Dr. Strangelove, possibly the greatest satire of all time, focused on political and military leaders. Another excellent satire, which should be better known, is the movie Network. It was released in 1976 and was way ahead of its time. In some ways, it still is. It’s a very subversive story that not only showed us the corporate takeover of media, but of basically the entire political system. But still, the target was corporate power.
But my target, ultimately, was “all of us.” It might actually be more accurate to say that the target was something like “the assumptions underlying our society” or “our cultural paradigm.” But that’s too abstract. So what I tried to show was how that paradigm manifests in “all of us” – whether politicians, voters, business owners, environmentalists, parents, the religious community, and as regular people just trying to get by. But since nobody can change that paradigm except for us, that brings us back to “all of us” as the target of the satire.
I found very few examples of that kind of satire. There’s Kurt Vonnegut, whose target is often “all of us,” but his style is so unique and particular that it really only works for Kurt Vonnegut.
The closest example I knew of was the brilliant play The Visit by Friedrich Durrenmatt. It shows, in a very clever and darkly comic way, the power of greed to subvert our values. Not just politicians and corporate CEOs, but everybody. Although I couldn’t really use his story as a role model for my own, I was definitely inspired by the “spirit” of the story.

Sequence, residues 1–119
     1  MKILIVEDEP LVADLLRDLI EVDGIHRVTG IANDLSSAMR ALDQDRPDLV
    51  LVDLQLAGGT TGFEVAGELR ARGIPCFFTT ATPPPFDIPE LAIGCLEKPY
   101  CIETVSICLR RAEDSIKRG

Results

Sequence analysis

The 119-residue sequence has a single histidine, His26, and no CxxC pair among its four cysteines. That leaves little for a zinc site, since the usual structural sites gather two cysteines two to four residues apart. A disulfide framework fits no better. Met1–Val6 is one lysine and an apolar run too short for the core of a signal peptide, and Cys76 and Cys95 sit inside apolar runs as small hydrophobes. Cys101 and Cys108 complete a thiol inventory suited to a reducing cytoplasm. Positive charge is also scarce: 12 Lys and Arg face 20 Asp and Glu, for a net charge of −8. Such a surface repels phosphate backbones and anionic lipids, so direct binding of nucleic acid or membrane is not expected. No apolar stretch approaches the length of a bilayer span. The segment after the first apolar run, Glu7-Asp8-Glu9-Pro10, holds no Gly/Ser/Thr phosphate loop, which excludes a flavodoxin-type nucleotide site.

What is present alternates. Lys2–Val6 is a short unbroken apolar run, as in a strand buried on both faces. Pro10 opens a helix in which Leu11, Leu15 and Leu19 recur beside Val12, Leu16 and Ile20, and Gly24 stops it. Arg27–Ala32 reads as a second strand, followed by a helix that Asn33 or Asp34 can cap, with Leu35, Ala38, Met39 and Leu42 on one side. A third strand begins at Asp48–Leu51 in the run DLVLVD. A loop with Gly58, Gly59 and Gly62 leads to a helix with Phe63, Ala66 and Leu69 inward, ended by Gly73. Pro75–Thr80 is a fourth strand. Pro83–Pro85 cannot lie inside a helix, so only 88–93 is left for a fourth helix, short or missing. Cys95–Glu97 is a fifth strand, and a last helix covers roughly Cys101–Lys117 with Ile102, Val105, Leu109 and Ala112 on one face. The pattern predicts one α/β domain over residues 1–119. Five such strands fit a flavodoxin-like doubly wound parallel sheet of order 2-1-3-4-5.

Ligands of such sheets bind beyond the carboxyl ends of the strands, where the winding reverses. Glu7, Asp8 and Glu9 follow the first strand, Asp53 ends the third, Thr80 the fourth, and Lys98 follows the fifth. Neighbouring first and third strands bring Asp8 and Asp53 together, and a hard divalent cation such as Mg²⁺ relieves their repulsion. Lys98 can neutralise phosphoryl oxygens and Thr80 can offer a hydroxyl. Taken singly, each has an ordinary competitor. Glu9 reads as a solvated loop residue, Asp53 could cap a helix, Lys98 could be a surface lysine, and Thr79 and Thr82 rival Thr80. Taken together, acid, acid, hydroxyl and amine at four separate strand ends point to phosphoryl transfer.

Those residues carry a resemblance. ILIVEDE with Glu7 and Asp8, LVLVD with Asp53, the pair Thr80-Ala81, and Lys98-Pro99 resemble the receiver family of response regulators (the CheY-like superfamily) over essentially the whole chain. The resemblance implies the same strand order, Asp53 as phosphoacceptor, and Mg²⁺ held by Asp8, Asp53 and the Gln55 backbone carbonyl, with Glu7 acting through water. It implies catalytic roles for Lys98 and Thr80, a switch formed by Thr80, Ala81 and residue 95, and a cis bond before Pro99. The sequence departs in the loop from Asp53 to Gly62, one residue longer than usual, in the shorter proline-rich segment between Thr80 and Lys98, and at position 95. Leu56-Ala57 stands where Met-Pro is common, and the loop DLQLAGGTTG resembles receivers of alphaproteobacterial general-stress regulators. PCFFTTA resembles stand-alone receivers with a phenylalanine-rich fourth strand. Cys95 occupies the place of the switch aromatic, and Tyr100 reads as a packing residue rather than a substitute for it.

Coming up with a story to satirize “all of us” was extremely challenging. And added to that challenge was the usual challenge of trying to create an engaging story with interesting characters. Also, I wanted it to be funny. After the first draft I told friends that writing the story destroyed my mind. I was only half kidding.
Why did you make Amy so young?
The story couldn’t have worked with anyone other than a young, idealistic, perky, teenage protagonist. A 36-year-old policy wonk camping in a wetland would probably just get arrested. But a perky teenage girl camping in a wetland is newsworthy, which is what gave her the media attention that made everything else possible.
No, it wasn’t realistic, but I feel like it worked very well satirically. It’s much more effective, satirically, to have a perky teenager battling against the forces of environmental destruction. How can you not root for such a person? Which makes the ending – well, I don’t want to spoil the ending.